An international summer camp for children from migrant families was held in Priozersk district of Leningrad region between July 29 and August 7, 2013. The camp was organized by ADC “Memorial”, it was prepared as part of the project for assisting social and cultural integration of children from migrant families living in Saint Petersburg. The aim of the project is creation of psychologically favorable conditions for social and cultural adaptation of children from migrant families into the Russian society.
Children from Kyrgyzstan, Uzbekistan and Russia (Chechnya and Saint Petersburg) came to the camp. Many of the kids were victims of unfavorable life situations – forced migration, hate crimes, domestic violence, ethnic conflicts. All children come from families of labor migrants. Two dozen children were living together in a tent camp on the banks of Vuoksa river accompanied by the staff and volunteers of ADC “Memorial”.
Activities in the camp included team building events and games in the open air. Children mastered climbing rope facilities and rocks, trekking, navigation through the forest, as well as training their capacity to observe during the camping games at the touristic centre. Trips on boats and rafts through river rapids became a real adventure for them. Psychological games were also popular with children as were various competitions, including running relay race, water volleyball and shooting pneumatic riffle. Frisbee, badminton and various ball games, including volleyball and football, tag and other games, which kids either played for the first time or remembered by themselves were also favourite pastimes.
Children also expressed great interest in table and intellectual games. They played Mafia and other fun games, held a championship in chess and draughts. Table games on the history of Saint Petersburg, the rights of labor migrants in the Russian Federation, the history of Earth and natural evolution were also part of the program. Camp guests who were part of the Russian-German exchange program organized a lesson aimed to promote values of tolerance and taught the kids how to draw comic strips.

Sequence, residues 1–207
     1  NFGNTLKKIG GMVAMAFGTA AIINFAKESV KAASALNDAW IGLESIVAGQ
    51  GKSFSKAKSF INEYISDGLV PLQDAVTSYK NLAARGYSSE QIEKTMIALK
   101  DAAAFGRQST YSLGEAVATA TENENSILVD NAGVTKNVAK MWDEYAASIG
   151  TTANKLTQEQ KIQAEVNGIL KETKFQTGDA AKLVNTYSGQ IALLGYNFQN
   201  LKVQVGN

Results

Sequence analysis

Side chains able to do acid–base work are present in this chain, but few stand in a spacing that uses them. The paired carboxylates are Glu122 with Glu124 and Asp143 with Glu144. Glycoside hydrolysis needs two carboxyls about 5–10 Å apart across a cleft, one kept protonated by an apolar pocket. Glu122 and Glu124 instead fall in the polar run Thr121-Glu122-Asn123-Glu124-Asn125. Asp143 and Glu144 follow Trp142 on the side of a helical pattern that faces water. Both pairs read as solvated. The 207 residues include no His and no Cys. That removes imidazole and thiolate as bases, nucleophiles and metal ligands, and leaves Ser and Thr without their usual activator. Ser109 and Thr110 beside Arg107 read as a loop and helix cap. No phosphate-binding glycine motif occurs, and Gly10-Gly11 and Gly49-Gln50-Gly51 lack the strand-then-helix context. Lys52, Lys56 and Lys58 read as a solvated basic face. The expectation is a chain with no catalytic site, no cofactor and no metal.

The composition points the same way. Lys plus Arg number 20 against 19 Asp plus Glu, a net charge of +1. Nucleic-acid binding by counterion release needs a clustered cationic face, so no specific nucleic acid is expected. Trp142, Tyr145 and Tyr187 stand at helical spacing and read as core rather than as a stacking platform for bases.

Children were really impressed by the beauty and richness of Russian nature. Most of them experienced for the first time what it was to live in a tent, make a camp fire, sing songs to the guitar. Kids were eager to absorb Russian folklore – songs, games and counts, – and of course were thrilled to tell horror stories in the evening. Children who had not been able to speak Russian before started to make basic conversations with their peers in this language.
But probably the most valuable lesson that children had in the summer camp was the experience of real friendship, mutual aid, equality and solidarity. Kids became good friends, helped one another, shared both fun and responsibilities. The organizers of the camp are glad that for many of the kids the symbols of Russia will be not only police raids, identity checks and hysterical phobia of immigrants, but the hospitable banks of Vuoksa river, Karelian forest, songs by the campfire and real friendship, mutual respect and brotherhood.